PRs and Reviews#

The goal of a review is to ensure that the proposed change is useful and maintainable over the long run. Submitters should consider and reviewers should evaluate the below criteria.

PR Description#

  • Have a meaningful title: it’s easier when creating the changelog or when searching through old PRs

  • Motivate why we should merge the PR: adding/changing code risks introducing a new bug. IMO one person asking for a nice to have feature doesn’t qualify.

  • Explain what the PR does in the description: it makes it easier/faster to review

  • Make the PR as small as possible: it’s much easier to review five PRs 200 lines each than one single PR with 1000 lines

  • If a PR is known to create conflict with other active PRs, try to coordinate, and link to each other - if appropriate, explain the desired review/merge order

  • For complex changes that will require multiple PRs, create an issue to keep track of what has been done and what’s left to do.

  • Is the PR focused on a single bugfix or feature? - consider moving self contained changes to separate PRs

Public Interfaces#

  • are there comprehensive tests

  • does the interface meet the use case - and for that matter is there a use case description - is the usage intuitive - do we really want this as a public interface, and maintain it?

  • is the interface API consistent with existing ones? - e.g. if everything else takes execution space instances as the first argument, don’t make it the last argument - does the naming style match other Kokkos APIs

  • are the interface semantics consistent with existing ones? - if everything else (or at least the majority) of interfaces taking an execution space instance argument is async, then new interfaces taking one should be too

  • For any routine that’s going to launch any parallel work, does it have an overload that takes an execution space instance, and does that overload use the instance for all parallel work?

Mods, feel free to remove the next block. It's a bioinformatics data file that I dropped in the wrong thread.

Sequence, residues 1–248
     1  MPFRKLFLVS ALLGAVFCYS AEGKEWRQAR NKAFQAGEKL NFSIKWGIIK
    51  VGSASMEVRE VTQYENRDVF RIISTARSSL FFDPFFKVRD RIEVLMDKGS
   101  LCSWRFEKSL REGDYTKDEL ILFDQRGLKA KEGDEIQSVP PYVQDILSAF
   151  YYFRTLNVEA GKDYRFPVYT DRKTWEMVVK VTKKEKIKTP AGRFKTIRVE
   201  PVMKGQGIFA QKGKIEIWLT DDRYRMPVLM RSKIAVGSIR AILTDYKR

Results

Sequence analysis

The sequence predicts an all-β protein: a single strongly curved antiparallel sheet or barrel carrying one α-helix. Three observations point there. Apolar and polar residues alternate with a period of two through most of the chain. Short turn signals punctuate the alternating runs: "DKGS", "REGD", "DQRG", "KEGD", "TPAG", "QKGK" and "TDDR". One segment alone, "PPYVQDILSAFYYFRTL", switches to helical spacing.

• if the functionality is similar to an ISO C++ functionality, is the interface and behavior similar, and in places where it’s not is it a conscious decision

  • is there a corresponding API documentation PR

  • Are the corner cases handled (works correctly, won’t compile, detected at run time)?

  • Do the C++ defaulted functions do the right thing (including if needed to be marked with KOKKOS_DEFAULTED_FUNCTION)?

Internal Implementation#

  • is the implementation style consistent with the rest of Kokkos

  • is there unnecessary code duplication - in particular: is code that can be shared across backends shared?

  • did it go in the right sub-part of Kokkos (core, algorithms, containers etc.)

  • are there debug checks we should add? - like do the arguments make sense together etc.

  • are implementation details accidentally exposed?

  • is there unnecessary fencing

  • are there unnecessary allocations/deallocations

  • Avoiding tangle of inclusions: are headers/files including only what is needed?

  • Is the code expressing intent clearly (choosing expressive names for variables, functions, etc)?

  • Are changes in the code and intent properly captured in the description of the PR?

  • consider appropriateness of tests for implementation details - we want to avoid needing to touch many tests for changes in on internal details


  • For bug fix PRs: add test which would catch the issue without the fix

  • Do newly added tests have the correct granularity?

  • Do tests have a suitable runtime or are unnecessarily large?

Reviewer Behavior#

  • provide timely feedback and respond to changes by the author of the pull request in a reasonable amount of time; it’s best to give feedback to pull requests as quickly as possible.

  • only request changes if they are ready to resolve the request upon changes by the author of the pull request; stalling pull requests for requested changes that have been addressed is a problem.

  • only review pull requests that have been marked as ready; we have a bunch of pull requests that explore the feasibility of ideas and just need the CI to run. Similarly, pull requests should only be marked as “ready for review” if the author is reasonably happy with the status. If the author mostly seeks feedback on general design and direction, this should be clearly communicated in the pull request description (either “draft” or “ready for review”).

  • mirror communication with pull request author outside of pull requests (on slack, in person, video calls, etc.) in comments to the pull request.

  • contact authors directly if more clarification is needed.

  • not be afraid of reviewing pull requests even if they are (slightly) outside their comfort zone.

  • work with authors to bring issues/questions that need a quorum/discussion with a larger audience to the developer meeting.